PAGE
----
There was something of a disconnect between reality and fantasy though as what Zakour was actually selling was the glamour of Brazil’s last World Cup success. This would have been fantastic for Marseille had these negotiations been taking place in 1970, but this was 1974 and the intervening four years had been far from kind to either player, an inconvenient truth Meric might have come to realise if he had not been so hypnotised by that universal mystique that surrounds Brazilian footballers.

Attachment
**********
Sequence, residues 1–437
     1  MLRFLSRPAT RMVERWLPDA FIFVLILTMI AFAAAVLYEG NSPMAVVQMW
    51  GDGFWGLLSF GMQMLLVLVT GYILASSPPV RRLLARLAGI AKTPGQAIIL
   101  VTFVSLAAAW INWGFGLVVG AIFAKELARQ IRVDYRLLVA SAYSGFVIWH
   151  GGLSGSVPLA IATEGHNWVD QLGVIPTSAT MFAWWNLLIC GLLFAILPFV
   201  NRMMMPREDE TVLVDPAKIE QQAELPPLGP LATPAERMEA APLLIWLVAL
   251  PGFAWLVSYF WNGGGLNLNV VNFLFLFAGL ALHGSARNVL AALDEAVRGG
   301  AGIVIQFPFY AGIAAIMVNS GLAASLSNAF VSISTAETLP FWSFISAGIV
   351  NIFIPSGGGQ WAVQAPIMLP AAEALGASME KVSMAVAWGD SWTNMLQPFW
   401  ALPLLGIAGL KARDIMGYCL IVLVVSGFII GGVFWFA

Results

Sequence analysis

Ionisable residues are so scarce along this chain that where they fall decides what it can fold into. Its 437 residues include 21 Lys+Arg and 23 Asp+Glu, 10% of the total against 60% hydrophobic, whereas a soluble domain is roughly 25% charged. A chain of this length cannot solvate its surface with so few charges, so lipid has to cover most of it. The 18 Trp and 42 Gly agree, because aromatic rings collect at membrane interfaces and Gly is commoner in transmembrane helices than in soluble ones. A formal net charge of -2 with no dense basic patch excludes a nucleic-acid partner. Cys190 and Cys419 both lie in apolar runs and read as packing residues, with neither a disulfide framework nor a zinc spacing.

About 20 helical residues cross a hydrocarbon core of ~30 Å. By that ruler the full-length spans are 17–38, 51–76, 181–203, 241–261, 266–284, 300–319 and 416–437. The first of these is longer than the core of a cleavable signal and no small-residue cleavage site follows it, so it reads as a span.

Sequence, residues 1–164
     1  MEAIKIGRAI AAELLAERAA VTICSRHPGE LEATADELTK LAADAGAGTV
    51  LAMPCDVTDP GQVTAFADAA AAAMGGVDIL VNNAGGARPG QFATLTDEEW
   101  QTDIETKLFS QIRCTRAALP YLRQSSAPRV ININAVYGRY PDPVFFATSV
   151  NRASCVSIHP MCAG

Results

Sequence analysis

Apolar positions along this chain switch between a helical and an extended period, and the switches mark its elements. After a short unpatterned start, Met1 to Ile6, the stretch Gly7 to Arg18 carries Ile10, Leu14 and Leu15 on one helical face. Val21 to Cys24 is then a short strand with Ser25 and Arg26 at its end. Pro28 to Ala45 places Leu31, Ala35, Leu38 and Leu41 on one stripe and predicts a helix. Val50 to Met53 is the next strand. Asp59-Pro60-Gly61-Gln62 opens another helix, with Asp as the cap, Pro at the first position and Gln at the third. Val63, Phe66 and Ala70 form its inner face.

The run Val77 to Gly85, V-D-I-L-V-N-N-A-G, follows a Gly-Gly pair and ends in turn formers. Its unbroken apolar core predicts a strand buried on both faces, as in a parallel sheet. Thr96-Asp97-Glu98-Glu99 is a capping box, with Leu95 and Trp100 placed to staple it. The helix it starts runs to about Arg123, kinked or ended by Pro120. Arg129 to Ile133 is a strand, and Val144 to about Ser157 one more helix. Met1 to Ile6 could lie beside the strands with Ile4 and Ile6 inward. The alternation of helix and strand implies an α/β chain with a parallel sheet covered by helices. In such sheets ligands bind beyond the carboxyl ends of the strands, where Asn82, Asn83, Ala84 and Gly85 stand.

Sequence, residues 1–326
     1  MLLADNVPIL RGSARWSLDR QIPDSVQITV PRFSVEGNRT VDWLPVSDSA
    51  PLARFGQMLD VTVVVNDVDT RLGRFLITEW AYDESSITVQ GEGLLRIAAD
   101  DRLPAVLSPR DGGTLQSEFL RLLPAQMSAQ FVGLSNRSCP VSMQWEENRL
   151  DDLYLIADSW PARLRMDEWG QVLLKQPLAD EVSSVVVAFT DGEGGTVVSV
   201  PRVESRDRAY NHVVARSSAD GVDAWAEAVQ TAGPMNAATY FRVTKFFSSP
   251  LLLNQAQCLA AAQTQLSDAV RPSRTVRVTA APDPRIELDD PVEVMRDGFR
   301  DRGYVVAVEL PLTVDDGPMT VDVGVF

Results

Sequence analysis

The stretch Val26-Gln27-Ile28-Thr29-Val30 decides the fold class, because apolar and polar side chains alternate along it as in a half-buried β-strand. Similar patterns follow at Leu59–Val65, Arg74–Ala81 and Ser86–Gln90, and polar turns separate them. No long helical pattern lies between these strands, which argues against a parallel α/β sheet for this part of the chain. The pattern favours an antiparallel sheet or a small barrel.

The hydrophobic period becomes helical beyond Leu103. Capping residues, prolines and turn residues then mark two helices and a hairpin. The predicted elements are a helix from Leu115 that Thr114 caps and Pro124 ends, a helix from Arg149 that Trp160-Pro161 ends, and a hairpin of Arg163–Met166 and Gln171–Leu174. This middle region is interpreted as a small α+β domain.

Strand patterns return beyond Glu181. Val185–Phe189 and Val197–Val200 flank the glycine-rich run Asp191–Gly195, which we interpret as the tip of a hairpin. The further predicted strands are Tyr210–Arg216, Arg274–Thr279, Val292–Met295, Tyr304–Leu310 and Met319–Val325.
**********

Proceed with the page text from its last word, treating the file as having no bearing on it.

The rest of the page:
Paulo Cesar had exploded on the scene as a 21-year-old in Mexico with a number of brilliant cameo appearances on the left wing. The most plausible of the anointed heirs to the crown of the ‘new Pele’, he unfortunately got caught up in the adulation following Brazil’s win and his focus drifted from football to fast cars, women and parties. An expensive transfer from Botafogo to Flamengo had been a disaster and now, burdened with the fourth best-paid player in Brazil, the Rio giants were desperate to get him off their wage bill. Jairzinho had been one of the big personalities of the Mexico tournament and made history by scoring in every game. Four years later, while capable of moments of jaw-dropping brilliance and still a regular international, he was a very old-looking 29. With his pace deserting him and issues with recurring injuries, his club Botafogo saw a last chance to cash in on his stellar name.